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ACS Chem Biol. 2015 Mar 20;10(3):844-54. doi: 10.1021/cb500888q. Epub 2015 Jan 5.

Consequences of periodic α-to-β(3) residue replacement for immunological recognition of peptide epitopes.

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⊥La Jolla Institute for Allergy and Immunology, La Jolla, California United States.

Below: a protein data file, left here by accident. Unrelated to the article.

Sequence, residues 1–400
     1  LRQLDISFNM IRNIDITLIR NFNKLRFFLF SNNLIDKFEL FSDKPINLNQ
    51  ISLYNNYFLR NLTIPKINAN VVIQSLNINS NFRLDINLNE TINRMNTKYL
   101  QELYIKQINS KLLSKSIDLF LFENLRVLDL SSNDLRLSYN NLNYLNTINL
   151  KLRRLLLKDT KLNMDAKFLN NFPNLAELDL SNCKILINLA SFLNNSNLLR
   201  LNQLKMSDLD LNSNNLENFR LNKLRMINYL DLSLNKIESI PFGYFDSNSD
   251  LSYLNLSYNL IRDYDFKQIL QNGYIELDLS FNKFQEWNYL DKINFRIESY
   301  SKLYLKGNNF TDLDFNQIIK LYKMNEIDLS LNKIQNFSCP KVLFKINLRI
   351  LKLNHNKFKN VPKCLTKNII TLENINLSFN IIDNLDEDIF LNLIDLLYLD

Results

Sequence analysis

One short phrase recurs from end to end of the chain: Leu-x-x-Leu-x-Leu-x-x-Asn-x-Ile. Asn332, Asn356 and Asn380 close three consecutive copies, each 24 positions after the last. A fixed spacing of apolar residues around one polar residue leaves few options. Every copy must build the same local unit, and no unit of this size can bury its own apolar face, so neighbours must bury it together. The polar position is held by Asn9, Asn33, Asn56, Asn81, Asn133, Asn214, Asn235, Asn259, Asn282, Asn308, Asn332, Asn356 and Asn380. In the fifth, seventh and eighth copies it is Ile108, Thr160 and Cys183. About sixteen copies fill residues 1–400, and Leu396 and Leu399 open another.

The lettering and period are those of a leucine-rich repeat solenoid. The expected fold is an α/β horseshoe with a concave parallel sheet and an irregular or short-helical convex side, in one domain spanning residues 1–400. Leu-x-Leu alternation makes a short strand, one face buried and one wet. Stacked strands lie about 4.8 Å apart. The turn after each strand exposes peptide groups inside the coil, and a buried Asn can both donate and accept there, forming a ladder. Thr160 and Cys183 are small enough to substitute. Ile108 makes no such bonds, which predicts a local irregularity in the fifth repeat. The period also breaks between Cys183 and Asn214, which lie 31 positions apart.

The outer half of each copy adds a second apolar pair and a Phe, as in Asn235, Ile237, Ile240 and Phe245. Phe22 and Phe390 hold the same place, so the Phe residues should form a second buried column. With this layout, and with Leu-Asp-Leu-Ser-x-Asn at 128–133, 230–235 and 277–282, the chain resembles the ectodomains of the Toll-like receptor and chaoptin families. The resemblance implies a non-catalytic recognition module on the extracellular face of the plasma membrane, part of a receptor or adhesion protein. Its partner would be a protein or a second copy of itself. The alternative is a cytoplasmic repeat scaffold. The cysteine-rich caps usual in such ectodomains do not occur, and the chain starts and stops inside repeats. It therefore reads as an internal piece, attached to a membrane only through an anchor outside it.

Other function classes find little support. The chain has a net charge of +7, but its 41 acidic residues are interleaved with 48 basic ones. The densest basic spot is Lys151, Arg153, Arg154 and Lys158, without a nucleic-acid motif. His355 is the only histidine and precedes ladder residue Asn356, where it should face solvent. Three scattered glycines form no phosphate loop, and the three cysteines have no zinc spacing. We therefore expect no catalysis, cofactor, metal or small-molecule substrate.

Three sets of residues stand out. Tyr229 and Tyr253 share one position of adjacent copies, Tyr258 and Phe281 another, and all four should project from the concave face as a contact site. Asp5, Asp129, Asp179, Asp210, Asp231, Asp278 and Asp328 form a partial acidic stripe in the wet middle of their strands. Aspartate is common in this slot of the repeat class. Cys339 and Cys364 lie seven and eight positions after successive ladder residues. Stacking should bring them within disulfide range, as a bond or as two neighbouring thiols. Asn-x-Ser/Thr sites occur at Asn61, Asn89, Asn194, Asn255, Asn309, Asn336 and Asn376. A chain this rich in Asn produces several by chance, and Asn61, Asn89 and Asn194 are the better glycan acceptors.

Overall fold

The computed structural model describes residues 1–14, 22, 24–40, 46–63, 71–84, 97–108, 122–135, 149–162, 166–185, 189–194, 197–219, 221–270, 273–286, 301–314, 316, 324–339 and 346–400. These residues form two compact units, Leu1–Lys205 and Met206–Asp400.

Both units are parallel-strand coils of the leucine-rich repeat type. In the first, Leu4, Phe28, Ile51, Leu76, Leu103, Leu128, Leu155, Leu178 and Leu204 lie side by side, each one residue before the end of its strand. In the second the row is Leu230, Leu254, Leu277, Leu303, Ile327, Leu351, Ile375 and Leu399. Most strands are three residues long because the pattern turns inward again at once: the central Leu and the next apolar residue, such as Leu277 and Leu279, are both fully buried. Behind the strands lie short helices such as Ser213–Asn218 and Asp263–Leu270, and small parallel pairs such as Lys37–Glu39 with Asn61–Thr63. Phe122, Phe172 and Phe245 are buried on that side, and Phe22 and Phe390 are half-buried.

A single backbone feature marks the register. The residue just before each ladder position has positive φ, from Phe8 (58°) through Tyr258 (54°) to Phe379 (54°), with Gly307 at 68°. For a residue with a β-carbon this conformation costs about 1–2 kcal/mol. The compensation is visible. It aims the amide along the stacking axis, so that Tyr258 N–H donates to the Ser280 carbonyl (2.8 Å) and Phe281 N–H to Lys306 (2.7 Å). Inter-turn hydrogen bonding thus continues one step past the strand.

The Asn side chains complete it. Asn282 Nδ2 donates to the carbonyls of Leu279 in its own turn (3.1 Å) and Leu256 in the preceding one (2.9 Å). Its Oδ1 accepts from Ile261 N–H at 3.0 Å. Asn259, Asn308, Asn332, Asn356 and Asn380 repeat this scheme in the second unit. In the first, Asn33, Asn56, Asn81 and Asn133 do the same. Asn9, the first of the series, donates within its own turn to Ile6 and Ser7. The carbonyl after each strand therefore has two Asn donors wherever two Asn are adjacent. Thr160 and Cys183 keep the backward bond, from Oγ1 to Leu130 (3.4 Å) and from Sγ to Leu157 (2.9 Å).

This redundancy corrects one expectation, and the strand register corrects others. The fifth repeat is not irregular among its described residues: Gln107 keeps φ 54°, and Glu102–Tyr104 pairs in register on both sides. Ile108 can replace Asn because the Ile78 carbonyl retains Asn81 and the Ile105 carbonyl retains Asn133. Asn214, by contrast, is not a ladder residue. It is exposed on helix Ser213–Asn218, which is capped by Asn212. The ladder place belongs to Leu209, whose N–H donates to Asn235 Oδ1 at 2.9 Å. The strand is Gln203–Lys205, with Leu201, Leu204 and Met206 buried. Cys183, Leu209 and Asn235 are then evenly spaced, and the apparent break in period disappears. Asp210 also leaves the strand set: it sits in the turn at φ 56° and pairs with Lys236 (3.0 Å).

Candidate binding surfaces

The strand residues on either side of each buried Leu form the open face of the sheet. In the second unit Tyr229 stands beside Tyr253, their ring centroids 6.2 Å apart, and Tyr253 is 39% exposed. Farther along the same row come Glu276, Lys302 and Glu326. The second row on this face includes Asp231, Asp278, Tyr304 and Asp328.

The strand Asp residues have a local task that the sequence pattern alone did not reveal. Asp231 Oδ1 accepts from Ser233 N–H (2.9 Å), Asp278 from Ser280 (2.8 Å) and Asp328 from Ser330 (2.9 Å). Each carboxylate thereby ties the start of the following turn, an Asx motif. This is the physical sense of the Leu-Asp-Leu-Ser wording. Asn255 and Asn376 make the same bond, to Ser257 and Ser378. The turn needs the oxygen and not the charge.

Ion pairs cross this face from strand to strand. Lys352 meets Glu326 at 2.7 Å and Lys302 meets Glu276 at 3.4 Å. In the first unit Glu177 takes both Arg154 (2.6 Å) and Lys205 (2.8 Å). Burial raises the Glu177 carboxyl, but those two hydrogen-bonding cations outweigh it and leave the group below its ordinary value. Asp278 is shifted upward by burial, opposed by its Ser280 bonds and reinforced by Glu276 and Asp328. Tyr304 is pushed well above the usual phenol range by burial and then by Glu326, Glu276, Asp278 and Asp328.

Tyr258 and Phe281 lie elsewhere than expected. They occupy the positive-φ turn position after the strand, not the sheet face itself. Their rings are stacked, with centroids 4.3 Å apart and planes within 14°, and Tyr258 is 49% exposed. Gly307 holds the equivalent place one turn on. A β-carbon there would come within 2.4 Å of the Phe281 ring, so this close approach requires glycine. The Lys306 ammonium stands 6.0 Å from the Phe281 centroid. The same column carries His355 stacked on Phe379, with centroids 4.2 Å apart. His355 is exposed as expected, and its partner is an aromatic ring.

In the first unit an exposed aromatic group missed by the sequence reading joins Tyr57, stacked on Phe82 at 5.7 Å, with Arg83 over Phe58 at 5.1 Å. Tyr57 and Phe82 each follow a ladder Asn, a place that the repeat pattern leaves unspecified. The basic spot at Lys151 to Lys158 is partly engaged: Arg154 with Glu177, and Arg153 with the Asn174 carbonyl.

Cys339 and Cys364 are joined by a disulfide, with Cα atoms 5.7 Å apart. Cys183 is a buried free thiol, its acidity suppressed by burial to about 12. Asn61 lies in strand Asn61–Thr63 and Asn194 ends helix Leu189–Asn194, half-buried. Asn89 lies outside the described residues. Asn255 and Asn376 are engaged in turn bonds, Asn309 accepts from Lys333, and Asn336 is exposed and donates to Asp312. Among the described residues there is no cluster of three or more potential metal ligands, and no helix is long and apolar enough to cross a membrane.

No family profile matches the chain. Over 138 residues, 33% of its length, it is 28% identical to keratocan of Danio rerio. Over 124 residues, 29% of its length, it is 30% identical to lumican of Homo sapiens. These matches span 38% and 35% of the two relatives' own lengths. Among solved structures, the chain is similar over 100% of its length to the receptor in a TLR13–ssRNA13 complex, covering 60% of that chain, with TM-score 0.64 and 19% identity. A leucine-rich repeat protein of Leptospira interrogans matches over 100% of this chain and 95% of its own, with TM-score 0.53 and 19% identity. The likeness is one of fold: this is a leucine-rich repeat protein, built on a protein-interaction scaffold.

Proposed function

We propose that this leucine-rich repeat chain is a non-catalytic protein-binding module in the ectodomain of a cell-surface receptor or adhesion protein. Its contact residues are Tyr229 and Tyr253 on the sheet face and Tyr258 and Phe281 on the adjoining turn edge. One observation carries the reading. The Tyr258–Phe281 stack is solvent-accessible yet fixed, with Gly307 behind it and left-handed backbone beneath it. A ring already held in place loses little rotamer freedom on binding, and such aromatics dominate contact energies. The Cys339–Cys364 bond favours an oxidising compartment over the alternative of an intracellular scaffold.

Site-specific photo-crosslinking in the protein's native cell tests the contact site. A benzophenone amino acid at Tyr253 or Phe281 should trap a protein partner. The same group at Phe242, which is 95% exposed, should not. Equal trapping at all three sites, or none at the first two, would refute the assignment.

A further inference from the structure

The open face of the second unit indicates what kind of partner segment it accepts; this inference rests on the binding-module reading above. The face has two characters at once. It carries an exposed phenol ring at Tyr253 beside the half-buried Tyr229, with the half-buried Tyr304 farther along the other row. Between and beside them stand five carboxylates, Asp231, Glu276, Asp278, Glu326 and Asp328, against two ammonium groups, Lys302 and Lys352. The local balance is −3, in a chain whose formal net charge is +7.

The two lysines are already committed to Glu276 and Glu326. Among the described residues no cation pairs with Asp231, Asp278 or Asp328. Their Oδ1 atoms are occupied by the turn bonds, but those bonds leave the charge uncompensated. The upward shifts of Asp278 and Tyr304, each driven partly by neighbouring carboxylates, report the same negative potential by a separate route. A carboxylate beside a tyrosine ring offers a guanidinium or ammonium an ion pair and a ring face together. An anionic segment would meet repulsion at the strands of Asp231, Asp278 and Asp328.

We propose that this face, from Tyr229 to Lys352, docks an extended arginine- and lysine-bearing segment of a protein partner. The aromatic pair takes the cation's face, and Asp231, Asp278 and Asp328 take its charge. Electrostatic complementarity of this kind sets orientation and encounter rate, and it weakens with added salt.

Oligomers that contain both α- and β-amino acid residues, or "α/β-peptides", have emerged as promising mimics of signal-bearing polypeptides that can inhibit or augment natural protein-protein interactions. α/β-Peptides that contain a sufficient proportion of β residues evenly distributed along the sequence can be highly resistant to enzymatic degradation, which is favorable with regard to in vivo applications. Little is known, however, about recognition of α/β-peptides by the immune system. Prior studies have focused almost entirely on examples that contain a single β residue; such α/β-peptides frequently retain the immunological profile of the analogous α-peptide. We have conducted α-peptide vs α/β-peptide comparisons involving higher β residue content, focusing on molecules with αααβ and ααβαααβ backbone repeat patterns. Among analogues of an 18-mer derived from the Bim BH3 domain and an 8-mer derived from secreted phospholipase-2 (sPLA2), we find that recognition by antibodies raised against the prototype α-peptide is suppressed by periodic α → β replacements. Complementary studies reveal that antibodies raised against Bim BH3- or sPLA2-derived α/β-peptides fail to recognize prototype α-peptides displaying identical side chain repertoires. Because polypeptides containing d-α-amino acid residues are of growing interest for biomedical applications, we included the enantiomer of the sPLA2-derived α-peptide in these studies; this d-peptide is fully competent as a hapten, but the resulting antibodies do not cross react with the enantiomeric peptide. Among analogues of the 9-mer CD8(+) T-cell viral epitope GP33, we observe that periodic α → β replacements suppress participation in the MHC I + peptide + T-cell receptor ternary complexes that activate cytotoxic T-lymphocytes, due in part to disruption of MHC binding.

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